Greece Stories and Tips

To Kalavrita at dusk

Approaching Kalavryta Photo, Greece, Europe

After the bridge the road south-west leads to Patra, the third largest city in Greece and a major ferry port for the boats travelling from Italy. We go the other way, on a coastal road towards Athens. There is an inexplicable toll to pay before driving on what seems to be a continuous roadwork for quite a few miles, to then change to a worn and weary, busy single-carriageway. Luckily, we are not going very far on this road and soon are turning off inland towards Kalavryta.

Kalavryta is a small town in the mountains of north Peloponesse, known for its historical significance. It is often considered the place where the Greek war of independence started while during the WW2 it was a site of an infamous massacre, where all male villagers older than 12 were machine-gunned in retribution for the Greek resistance's killing of German soldiers. 696 people were shot and only 13 survived. The famous monastery of Agia Lavra, a birthpalce of Greek War of Independence was burned to the ground as was the village of Kalavryta itslelf.

Modern Kalavryta is, however, known mostly as a holiday resort. Its high location makes it one of rare ski areas in Greece, while the (partially rack and pinion) railway that scales the cliffs of the Vouraikos gorge provides unique means of accessing the village and makes appearance on many lists of the best railway trips in Europe.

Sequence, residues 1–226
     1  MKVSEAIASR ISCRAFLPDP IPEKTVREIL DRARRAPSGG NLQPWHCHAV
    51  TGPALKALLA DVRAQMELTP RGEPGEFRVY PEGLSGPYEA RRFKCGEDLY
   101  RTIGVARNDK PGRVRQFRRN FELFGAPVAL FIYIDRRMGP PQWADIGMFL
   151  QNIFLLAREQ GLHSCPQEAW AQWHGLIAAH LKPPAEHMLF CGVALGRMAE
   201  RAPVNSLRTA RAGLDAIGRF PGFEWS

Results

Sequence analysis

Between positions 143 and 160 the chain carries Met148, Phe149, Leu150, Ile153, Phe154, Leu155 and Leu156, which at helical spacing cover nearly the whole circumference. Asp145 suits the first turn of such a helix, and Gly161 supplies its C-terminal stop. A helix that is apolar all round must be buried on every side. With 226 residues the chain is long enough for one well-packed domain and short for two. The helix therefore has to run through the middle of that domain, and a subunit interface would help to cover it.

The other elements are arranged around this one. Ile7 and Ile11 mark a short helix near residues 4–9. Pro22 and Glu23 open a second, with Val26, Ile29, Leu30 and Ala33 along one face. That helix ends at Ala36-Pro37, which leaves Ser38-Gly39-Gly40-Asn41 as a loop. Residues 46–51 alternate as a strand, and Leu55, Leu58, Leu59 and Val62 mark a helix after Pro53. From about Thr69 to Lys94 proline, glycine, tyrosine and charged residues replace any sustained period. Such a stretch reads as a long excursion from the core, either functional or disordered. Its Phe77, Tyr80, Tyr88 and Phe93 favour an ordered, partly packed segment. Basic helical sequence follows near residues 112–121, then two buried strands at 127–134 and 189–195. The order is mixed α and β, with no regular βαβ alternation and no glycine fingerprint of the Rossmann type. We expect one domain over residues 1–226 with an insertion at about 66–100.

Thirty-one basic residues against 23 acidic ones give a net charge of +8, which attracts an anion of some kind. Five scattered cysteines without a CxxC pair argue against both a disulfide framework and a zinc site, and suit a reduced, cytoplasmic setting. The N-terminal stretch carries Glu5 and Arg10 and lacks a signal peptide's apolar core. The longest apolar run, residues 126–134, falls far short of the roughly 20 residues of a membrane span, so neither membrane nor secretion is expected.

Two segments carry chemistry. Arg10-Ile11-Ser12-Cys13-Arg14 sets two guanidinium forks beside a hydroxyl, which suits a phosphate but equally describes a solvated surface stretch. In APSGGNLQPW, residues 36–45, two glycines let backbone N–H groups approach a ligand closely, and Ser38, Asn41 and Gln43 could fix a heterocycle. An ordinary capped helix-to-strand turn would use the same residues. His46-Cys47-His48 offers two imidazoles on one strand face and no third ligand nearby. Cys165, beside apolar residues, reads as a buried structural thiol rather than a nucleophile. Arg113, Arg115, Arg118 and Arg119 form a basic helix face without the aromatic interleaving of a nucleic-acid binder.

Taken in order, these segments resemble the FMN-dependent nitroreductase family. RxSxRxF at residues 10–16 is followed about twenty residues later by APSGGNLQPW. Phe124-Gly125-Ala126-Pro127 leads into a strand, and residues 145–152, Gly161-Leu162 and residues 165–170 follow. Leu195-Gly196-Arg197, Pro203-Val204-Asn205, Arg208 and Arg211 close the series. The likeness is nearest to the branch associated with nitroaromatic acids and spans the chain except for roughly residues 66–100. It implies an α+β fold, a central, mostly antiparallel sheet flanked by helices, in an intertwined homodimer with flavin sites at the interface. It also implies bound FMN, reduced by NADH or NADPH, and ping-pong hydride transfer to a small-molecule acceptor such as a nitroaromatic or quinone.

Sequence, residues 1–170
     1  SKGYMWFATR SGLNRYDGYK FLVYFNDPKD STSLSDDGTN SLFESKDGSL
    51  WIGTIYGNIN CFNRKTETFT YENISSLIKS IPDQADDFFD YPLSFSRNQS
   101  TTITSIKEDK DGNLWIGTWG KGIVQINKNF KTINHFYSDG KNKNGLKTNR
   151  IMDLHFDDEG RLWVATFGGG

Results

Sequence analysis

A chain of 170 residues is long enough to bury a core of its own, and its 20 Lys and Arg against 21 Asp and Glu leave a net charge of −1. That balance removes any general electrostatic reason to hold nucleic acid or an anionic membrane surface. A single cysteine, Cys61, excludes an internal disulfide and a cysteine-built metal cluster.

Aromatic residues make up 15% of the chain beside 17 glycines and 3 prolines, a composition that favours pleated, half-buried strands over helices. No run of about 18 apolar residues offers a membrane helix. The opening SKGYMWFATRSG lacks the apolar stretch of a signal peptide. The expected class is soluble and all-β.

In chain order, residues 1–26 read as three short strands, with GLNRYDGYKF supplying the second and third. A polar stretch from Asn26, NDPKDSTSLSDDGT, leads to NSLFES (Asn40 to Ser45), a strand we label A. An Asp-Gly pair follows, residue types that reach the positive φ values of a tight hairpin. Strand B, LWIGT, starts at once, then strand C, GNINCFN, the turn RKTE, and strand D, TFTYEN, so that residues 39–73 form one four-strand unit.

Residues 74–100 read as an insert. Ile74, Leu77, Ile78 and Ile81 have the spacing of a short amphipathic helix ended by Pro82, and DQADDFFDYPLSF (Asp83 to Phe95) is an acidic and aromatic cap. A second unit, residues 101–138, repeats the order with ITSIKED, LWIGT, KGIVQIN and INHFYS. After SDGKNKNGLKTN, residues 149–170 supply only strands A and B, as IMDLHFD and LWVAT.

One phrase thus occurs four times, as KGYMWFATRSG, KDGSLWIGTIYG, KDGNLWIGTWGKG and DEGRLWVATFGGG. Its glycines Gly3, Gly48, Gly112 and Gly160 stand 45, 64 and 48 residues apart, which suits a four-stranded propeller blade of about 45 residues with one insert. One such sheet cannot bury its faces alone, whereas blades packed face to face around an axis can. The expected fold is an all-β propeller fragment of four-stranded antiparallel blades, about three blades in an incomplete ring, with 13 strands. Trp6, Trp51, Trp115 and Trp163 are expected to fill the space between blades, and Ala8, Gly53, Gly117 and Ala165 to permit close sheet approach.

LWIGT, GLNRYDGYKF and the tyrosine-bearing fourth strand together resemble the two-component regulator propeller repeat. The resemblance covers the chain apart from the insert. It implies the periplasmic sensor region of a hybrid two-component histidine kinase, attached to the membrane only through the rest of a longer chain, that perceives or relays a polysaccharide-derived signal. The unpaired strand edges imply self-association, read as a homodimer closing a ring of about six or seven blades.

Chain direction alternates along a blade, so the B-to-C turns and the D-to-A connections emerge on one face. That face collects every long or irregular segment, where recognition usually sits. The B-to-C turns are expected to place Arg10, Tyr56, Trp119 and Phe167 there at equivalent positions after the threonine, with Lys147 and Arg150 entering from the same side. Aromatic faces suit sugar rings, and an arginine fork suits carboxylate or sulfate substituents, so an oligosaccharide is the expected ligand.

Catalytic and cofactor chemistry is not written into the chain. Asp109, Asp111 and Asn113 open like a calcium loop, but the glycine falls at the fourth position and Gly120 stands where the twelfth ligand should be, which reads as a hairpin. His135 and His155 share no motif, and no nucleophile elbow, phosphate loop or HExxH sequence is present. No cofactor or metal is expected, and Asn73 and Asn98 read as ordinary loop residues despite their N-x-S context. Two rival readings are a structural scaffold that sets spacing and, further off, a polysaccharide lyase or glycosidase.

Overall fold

We drive, though, along a new road that in tight switchbacks scales the heights from the sea level to over 1,600 meters above sea level. There is something stark about this road, hacked from the mountainside, relentlessly climbing up into the red mountains.

We get good glimpses of the Vouraikos gorge which looks wild, dramatic and beautiful in the dying light. Before the road turns inland, it climbs high enough to give a vista above the mountains, towards the Corinth Gulf and beyond.

Closer to Kalavryta some buildings appear, including monastery growing out of the rock and individual farm houses. The crests and ridges, however, are defaced by wind-turbines, sinister and menacing at dusk. It seems a crime to put them here, which even by Greek standards, is a pretty spectacular landscape.

By the time we find our hotel in a village of Kleitoria, a few miles past Kalavryta, the darkness has fallen and we are very happy to leave the winding, mountain roads to the night.

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